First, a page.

The Student Newspaper of Mississippi State University

The Reflector

The Student Newspaper of Mississippi State University

The Reflector

The Student Newspaper of Mississippi State University

The Reflector

Faceoff: Kobe Bryant

20 years ago Kobe Bryant, the Black Mamba,  an offensive minded young star from Lower Merion High School in Pennsylvania decided to take his talents to the National Basketball Association.

It was clear the youngster was talented. Everyone knew he would likely be a force to be reckoned with. However, no one could have ever fathomed just what he would mean to the game of basketball or its fans.

Now almost two decades, five championships, and several individual accolades later Bryant has finally decided to call it quits. With him he takes a legacy that will live on for decades to come.

With his NBA career now in the rearview, many NBA fans are sure to attempt to figure out where the Black Mamba will rank amongst the all-time greats. 

For those looking for a frame of reference as to where that might be, cite the comments of Laker great Earvin “Magic” Johnson. Moments before Bryant’s spirited 60-point farewell ensued, Johnson called Bryant the greatest Laker of all time.

That is coming from a guy who has not only just as many championships as Bryant, but whom also had a statue erected outside of Staples Center in his honor.

Even with the words of Johnson ringing fresh in their ears, there are assuredly doubters who are not so easily convinced. 

Those in search for a more solid comparison to a man who was at one point the game’s best player will tend to look in the direction of the man who many view as one of the best in the world today: Lebron James.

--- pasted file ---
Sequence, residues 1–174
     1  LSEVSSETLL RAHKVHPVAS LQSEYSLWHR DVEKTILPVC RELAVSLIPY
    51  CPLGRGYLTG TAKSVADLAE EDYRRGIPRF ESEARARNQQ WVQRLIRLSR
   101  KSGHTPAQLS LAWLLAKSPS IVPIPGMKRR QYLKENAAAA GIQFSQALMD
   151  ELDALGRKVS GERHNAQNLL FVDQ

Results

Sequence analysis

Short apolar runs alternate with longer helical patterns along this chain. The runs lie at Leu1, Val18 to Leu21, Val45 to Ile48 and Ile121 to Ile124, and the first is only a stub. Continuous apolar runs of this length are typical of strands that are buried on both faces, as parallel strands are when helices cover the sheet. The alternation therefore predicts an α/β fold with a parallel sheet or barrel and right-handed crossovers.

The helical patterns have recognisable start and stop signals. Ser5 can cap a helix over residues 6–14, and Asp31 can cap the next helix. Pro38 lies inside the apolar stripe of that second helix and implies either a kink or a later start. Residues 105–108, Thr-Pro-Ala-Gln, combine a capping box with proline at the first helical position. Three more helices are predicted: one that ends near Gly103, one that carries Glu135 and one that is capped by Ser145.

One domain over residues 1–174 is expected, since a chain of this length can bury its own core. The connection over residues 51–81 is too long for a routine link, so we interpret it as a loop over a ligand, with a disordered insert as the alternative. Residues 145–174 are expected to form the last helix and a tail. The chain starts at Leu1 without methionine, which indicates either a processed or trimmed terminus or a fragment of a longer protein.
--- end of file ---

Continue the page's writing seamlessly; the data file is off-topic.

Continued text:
True enough, King James is certainly a worthy comparison to Bryant. According to he has averaged 27 points, 7 rebounds and 7 assists per game over the course of his career, a mark slightly better that Bryant’s career averages of 25 points, 5 rebounds and 5 assists.

James’ supporters will say he is a better team player, more efficient and simply an all around better player. But this is an argument that draws its depth in places other than numbers.

First off, the inference that James is anywhere near the offensive stalwart that Bryant once was is simply incorrect. On his best nights Bryant was virtually unstoppable. Ask the Toronto Raptors, the team he dropped 81 points on, a mark that remains the closest anyone has ever come to eclipsing the 100-point mark set by Wilt Chamberlain.

Ask the Dallas Mavericks, the team the Black Mamba torched for 62 points, in three quarters no less. He would shatter the 60-point mark five additional times in his illustrious career. 

Scoring outputs like these helped bolster Bryant to third-place on the all time scoring list. King James on the other hand, has yet to register 50 points in a game.

Then there’s Bryant’s laundry list of accolades. That list includes a regular season MVP, 18 NBA All-Star selections, 15 All-NBA Team selections and three All-Star MVP awards. For years, he has epitomized what the best of the best should look like.

Finally, the biggest thing that sets the two apart is killer instinct. In the final seconds of the game, Kobe was at his best. Not only did he thrive in those moments, he embraced them.

Whenever the Lakers needed a comeback, whenever they were in desperate need of points, whenever it was all on the line it was Bryant who they looked to.

In fact, according to an article on James is 11 percent on game-winning shots, while Kobe is 27 percent on such shots. 

If anyone needs any further   assurance that Bryant is the better of the two just check the hardware. The last time I checked five was a bigger number than two and that is the difference in championship rings.

Hate it or love it Bryant is the better player. Just ask Larry Bird. “If you want to have fun play with Lebron,” the hall-of-famer said. “If you want to win and win and win, it’s   Kobe.

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The Student Newspaper of Mississippi State University
Faceoff: Kobe Bryant